Every Student Succeeding: Jatia Raymond
When Jatia was just 6 years old, her father died of a brain tumor. She moved in with her aunt to what she thought was a safer environment but she became a victim of human trafficking. After years of abuse, Jatia struggled to trust men. But that all changed when she met Covina Valley USD Fairvalley High principal Dana Craig. It was Craig’s open-door policy and gentle demeanor that allowed Jatia to open up about her tumultuous childhood. As she began to heal, Jatia turned to writing and poetry to sift through her experiences. Her resilience, bright smile and deep empathy are only some of the strengths she shows when reading her poems. Her future is bright but no matter what comes, Jatia is a survivor.
Oct. 10, 2017
Human trafficking survivor turns to principal, poetry for strength
“I’m trying to tell you what I see in myself when I look in the mirror. But all I see is a silhouette because the figure’s not clear. But I’m confused. I don’t know what to say. I don’t know who to be. I don’t know what to do. All I know is what it feels like to be half-dead and abused.”
The words she writes are filled with sorrow, sting, and survival. The poem is titled “An Image of Me”. It’s something Jatia Raymond while sitting in juvenile hall. She says the poetry is her way of working through years of pain and abuse. It is her form of therapy.
“I enjoy writing poetry,” Jatia said. “And my poetry, when I write how I feel, you know how I feel. That’s how I cope with it.”
Her mother was a drug addict. Her father was a man who not afraid to use physical violence.
“My dad, he was an abusive type of man to everybody,” Jatia said. “To all his girlfriends. He popped my left eye out because one day I was sleeping in the bed with him. And I used to wet the bed. And I wet the bed when I was in bed with him. And I woke up. He was beating me with a belt buckle in my eye. And it was nasty. It was green and black and bleeding in my eye. I couldn’t see.”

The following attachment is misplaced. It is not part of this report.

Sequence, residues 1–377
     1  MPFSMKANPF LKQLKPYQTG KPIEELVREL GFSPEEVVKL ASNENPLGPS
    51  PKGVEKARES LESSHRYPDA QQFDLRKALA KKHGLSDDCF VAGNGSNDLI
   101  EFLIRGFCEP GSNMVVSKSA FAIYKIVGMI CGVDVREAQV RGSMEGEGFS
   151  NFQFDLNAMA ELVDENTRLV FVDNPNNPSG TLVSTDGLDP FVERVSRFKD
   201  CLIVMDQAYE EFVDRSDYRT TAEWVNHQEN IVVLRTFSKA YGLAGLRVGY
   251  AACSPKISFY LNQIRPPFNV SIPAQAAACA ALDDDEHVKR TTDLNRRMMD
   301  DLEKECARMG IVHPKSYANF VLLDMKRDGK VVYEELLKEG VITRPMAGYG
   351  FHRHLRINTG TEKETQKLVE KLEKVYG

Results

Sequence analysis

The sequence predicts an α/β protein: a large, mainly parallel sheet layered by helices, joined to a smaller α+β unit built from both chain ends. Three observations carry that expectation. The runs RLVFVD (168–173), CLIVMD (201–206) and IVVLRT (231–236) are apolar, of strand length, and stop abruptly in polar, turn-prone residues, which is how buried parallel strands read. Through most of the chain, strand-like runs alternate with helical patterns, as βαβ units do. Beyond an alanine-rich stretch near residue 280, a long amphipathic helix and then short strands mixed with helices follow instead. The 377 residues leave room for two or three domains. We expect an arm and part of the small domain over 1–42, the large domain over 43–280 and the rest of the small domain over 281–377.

When Jatia was just 6 years old, her father died of a brain tumor. She moved in with her aunt to what she thought was a safer environment. But Jatia quickly learned otherwise as she became a victim of human trafficking.
“My auntie let people sexually abuse me,” Jatia said. “She told me that if I had sex with a man, well, men, that she could bring my dad back from the dead. And I believed it. So I started doing it but when it happened and it hurt. And I was crying for her name and stuff all the time. She would just be standing in the doorway fixing her pants or something. And she don’t care. She’s so heartless.”
After years of abuse, Jatia struggled to trust men, though that should come as no surprise. But that all changed when she met Fairvalley High principal Dana Craig.
“I just see Mr. Craig as a father figure to be honest,” Jatia said. “Father Falcon. I used to call him that. Mr. Craig gave me a reason to want to come to school. And sit down at that desk. And make sure I learn everything I need to know.”
It was Craig’s open-door policy and gentle demeanor that allowed Jatia to open up about her tumultuous childhood.
“It kind of seems like more credit than credit is due,” Craig said. “I couldn’t be any more proud of her in what she’s been able to overcome. That’s a very humbling compliment to get. It’s as good as it can get between a principal and a student. That’s for sure.”
When asked where she would be without Dana Craig in her life, Jatia gave a pessimistic and blunt answer.
“I’d probably be still in jail,” Jatia said. “Still in group homes. Placement. Doing whatever I want. And not going to school. Crying somewhere. Blaming somebody else for what I’m doing. But he’s here now so none of that is happening.”
She’s seen too much for a girl her age. But Jatia Raymond is determined to not give up. She’s come too far in her journey to stop now as evidenced by the closing lines in her poem.
“I might have been through this struggle.
But I’m a survivor as well.
So when you ask me who I see in the mirror looking back at me,
I’m gonna say a girl who survived hell.”